UAE to modernise rules for commercial agencies

The UAE government is set to introduce a new draft federal law on the regulation of commercial agencies, which will allow public joint-stock companies (PJSCs) with minimum 51% national capital contribution to act as commercial agents. It is currently being reviewed by the Federal National Council (FNC).

The move, which will enable commercial agencies to be registered as companies with a 51% to 49% equity ratio between UAE and foreign partners respectively, is intended to help attract foreign capital and ensure alignment with international business standards.

In the UAE, a commercial agency is an arrangement under which an international company appoints an agent to distribute, offer or negotiate the sale or purchase of goods on its behalf within the UAE market for commission or profit. This includes franchising and distribution agreements.

The commercial agency arrangement must be exclusive – in respect of one or more Emirates or the whole UAE – and must be notarised and, if signed outside the UAE, attested. It must also be registered in the Commercial Agencies Register maintained by the Ministry of Economy in the relevant Emirate or, if for the entire UAE, with the Ministry of Economy in Abu Dhabi.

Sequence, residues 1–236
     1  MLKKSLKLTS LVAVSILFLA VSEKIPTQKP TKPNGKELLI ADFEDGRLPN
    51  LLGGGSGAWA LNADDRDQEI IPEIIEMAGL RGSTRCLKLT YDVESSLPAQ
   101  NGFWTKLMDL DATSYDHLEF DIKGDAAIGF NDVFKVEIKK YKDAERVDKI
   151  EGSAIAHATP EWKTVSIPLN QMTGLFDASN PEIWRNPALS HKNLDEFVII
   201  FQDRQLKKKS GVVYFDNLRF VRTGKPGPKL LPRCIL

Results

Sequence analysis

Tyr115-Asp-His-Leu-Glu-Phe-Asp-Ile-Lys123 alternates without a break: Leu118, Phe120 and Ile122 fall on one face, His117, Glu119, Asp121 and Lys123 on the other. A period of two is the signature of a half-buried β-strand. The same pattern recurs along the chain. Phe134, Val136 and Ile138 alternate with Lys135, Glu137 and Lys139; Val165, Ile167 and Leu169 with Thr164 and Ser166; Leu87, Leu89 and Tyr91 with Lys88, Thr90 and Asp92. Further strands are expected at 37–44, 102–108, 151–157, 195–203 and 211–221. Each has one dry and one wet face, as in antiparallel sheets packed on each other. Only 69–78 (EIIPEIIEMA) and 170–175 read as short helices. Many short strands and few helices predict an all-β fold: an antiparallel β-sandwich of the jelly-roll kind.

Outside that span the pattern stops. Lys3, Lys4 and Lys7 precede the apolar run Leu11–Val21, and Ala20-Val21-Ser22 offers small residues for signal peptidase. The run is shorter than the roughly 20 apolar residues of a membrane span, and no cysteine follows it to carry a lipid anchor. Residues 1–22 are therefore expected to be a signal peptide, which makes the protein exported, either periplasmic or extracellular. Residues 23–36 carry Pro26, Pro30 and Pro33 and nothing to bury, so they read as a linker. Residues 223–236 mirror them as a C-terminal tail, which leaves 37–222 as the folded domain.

Previously, only UAE nationals or companies wholly owned by UAE nationals were entitled to carry out commercial agency activities in the UAE. The new draft law is designed to generate more business opportunities for UAE citizens and expand access to the commercial agencies business.

“Now that 40 years have passed since the original law was drafted, only 6,000 commercial agencies have been registered which is a modest figure, considering the current economic potential boasted by the UAE and the conducive business environment in the country,” said Abdullah bin Touq Al Marri, UAE Minister of Economy.

“Only UAE nationals can act as commercial agents, which is similar to the position under the old law, but the new draft law gives the right for public joint-stock companies and public legal entities with at least 51% national capital contribution to register commercial agencies.”

The existing law was also restrictive because a ‘valid reason’ for termination – as accepted by the Commercial Agencies Committee or with the express agreement of both parties – was required to terminate a registered agency agreement, even after the expiry of the contract term. Under the new draft federal law, the agency contract terminates on the expiry of the contractually agreed term.

Al Marri also said a new draft law on cooperatives would allow for the establishment of various forms of cooperatives in the country to benefit from the economic and development opportunities offered by this vital sector, with a view to enhancing its contribution to the GDP.

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